Temporal Coherence/Incoherence in EMs
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The temporal coherence is the degree to which the wave can be approximated as monochromatic.

In EMs (especially in TEMs), the temporal coherency effects comes from the small instabilities in the accelerating voltage and electron gun emission over time, which will give the illumination a small energy spread, and from variations in the lens currents, which induces focus variation with time. Because the electrons with different energy are focused at different planes, the total effect of the temporal coherency variations is to create a defocus spread Δ (usually in the order of a few nm) due to the chromatic aberration. Therefore, the temporal coherence affects the overall envelope function.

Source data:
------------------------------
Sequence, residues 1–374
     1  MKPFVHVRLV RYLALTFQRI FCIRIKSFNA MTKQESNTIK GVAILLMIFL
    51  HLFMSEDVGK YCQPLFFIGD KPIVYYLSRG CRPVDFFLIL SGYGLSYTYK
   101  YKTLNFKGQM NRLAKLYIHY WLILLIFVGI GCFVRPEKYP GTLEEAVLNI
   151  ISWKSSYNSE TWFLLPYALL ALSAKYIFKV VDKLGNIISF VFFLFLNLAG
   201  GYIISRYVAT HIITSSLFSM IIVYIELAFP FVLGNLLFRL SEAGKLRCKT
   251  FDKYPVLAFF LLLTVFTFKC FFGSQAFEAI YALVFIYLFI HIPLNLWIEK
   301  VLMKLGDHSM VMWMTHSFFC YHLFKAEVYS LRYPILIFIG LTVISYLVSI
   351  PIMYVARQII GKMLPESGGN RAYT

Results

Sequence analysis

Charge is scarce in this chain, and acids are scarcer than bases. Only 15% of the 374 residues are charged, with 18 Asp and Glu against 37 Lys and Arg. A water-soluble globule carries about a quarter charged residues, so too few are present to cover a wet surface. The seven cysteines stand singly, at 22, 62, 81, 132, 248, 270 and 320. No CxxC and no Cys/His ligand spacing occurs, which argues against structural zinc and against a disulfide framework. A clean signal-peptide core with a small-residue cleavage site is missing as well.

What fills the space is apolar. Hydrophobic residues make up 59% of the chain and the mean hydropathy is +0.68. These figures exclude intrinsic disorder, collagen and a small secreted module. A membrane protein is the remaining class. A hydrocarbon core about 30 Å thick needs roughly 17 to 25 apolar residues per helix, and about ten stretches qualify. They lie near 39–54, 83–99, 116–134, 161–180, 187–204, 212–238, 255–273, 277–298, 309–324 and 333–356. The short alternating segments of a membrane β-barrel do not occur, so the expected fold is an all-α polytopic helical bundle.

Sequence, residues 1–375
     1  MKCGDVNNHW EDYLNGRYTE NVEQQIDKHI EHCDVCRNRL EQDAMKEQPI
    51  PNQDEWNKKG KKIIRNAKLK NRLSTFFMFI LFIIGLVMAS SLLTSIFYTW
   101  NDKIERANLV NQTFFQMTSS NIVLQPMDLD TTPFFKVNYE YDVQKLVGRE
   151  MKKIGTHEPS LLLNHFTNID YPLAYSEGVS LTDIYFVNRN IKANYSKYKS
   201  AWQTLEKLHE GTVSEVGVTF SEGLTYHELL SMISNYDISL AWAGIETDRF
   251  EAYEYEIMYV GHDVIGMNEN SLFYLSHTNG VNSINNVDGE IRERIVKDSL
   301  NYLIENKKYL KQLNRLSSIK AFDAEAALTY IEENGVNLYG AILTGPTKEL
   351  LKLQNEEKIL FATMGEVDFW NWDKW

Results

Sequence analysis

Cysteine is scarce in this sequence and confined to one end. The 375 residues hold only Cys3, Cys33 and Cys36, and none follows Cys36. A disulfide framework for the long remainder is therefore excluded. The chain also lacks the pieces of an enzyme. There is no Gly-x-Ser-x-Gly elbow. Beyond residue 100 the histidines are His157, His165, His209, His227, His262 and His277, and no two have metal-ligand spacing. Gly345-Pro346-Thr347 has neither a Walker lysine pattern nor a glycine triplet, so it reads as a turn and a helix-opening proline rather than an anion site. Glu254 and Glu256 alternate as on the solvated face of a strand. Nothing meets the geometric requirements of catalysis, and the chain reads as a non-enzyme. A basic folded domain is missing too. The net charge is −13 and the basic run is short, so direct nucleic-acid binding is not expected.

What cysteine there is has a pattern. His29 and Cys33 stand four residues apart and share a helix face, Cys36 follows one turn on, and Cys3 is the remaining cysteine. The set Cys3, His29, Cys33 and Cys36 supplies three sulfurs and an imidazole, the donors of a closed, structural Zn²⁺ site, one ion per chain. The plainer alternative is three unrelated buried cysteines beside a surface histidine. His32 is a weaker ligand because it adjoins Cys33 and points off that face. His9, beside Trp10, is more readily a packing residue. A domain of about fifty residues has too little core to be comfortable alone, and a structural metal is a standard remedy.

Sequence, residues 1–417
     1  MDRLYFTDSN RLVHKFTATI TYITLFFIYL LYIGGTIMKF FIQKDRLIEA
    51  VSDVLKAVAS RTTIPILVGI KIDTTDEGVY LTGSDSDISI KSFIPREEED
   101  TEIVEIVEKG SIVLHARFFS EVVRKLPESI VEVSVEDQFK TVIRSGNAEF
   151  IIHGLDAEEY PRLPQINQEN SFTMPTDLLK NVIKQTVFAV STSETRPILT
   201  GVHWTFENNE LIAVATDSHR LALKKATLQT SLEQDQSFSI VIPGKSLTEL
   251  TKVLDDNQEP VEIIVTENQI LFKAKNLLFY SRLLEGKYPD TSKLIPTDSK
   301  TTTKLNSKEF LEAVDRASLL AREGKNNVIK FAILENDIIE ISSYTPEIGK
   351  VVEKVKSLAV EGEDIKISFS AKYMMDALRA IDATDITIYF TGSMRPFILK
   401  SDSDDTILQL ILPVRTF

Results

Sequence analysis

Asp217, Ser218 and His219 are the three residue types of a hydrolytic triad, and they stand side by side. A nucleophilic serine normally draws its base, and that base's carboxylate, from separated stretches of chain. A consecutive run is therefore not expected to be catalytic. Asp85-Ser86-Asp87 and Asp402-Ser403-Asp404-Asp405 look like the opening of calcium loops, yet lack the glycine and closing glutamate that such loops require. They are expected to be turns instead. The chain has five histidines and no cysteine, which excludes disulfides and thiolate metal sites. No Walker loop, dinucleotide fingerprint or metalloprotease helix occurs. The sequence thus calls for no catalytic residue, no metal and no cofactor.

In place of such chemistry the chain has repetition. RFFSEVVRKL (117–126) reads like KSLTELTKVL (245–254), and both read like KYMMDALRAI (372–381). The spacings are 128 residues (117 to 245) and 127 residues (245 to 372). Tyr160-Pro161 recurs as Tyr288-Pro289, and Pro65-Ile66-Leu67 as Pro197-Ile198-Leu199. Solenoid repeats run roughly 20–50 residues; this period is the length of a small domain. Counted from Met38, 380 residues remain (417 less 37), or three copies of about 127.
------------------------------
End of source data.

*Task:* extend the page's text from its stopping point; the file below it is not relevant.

FEG-TEMs with field-emission electron sources [1 - 2] offering much better spatial and temporal coherence than those offered by CTEMs with LaB6 and W (tungsten) electron guns. Therefore, FEG-TEMs have allowed images to contain much higher spatial frequencies [3 - 4].

Table 3722. Types of coherencies in EM (electron microscope) measurements.

Types of coherencies
Temporal Coherency All the electrons have the same wavelength, just like monochromatic light.
Spatial Coherency Spatial coherency is related to the size of the electron source. Perfect spatial coherence would imply that the electrons were all emanating from the same point at the source. Therefore, source size governs spatial coherence and smaller source size gives better coherency.



[1] M.T. Otten, W.M.J. Coene, Ultramicroscopy 48 (1–2) (1993) 77–91.
[2] T. Honda, T. Tomita, T. Kaneyama, Y. Ishida, Ultramicroscopy 54 (2–4) (1994) 132–144.
[3] W. Coene, G. Janssen, M. Op de Beeck, D. van Dyck, Phys. Rev. Lett. 69 (1992) 3743–3747.
[4] M. Op de Beeck, D. van Dyck, W. Coene, Ultramicroscopy 64 (1–4) (1996) 167–183.